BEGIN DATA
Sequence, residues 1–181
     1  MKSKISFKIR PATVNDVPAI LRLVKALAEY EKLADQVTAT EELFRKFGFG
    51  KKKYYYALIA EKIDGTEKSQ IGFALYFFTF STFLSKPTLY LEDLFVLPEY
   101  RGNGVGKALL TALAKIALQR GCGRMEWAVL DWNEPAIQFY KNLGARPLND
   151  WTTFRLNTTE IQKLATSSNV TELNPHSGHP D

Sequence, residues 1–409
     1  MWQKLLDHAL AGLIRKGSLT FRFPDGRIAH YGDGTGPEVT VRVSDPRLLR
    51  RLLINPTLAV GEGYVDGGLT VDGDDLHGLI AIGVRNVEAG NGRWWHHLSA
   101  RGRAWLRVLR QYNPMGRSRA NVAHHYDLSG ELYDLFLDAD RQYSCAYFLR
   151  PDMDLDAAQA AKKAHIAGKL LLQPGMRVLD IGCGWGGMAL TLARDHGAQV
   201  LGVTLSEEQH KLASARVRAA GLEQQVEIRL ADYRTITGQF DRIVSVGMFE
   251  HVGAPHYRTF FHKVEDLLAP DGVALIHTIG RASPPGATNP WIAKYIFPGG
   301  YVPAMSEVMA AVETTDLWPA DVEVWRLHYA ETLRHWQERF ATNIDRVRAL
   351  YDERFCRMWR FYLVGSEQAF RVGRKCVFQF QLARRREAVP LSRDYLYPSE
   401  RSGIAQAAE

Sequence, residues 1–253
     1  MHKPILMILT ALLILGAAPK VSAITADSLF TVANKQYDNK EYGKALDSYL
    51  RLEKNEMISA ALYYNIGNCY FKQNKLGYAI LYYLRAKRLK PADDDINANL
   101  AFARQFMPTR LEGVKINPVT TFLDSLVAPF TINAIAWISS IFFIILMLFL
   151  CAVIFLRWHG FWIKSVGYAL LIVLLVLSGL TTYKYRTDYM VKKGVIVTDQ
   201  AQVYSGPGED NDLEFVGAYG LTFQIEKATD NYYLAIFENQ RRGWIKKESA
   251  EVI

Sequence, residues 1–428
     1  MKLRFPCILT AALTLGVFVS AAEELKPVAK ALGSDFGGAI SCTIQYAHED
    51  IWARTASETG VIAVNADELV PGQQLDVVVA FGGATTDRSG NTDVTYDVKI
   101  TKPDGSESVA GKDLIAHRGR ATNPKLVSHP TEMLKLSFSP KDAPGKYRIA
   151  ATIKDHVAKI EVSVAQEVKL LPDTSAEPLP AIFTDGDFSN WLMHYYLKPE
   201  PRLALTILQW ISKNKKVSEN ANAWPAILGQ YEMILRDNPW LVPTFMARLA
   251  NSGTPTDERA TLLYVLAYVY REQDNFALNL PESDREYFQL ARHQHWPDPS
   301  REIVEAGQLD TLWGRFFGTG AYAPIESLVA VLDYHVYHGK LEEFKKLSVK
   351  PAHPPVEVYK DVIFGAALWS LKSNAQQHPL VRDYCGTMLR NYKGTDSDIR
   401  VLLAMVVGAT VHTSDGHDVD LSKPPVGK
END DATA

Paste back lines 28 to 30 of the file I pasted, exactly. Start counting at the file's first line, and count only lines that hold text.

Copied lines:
   201  PRLALTILQW ISKNKKVSEN ANAWPAILGQ YEMILRDNPW LVPTFMARLA
   251  NSGTPTDERA TLLYVLAYVY REQDNFALNL PESDREYFQL ARHQHWPDPS
   301  REIVEAGQLD TLWGRFFGTG AYAPIESLVA VLDYHVYHGK LEEFKKLSVK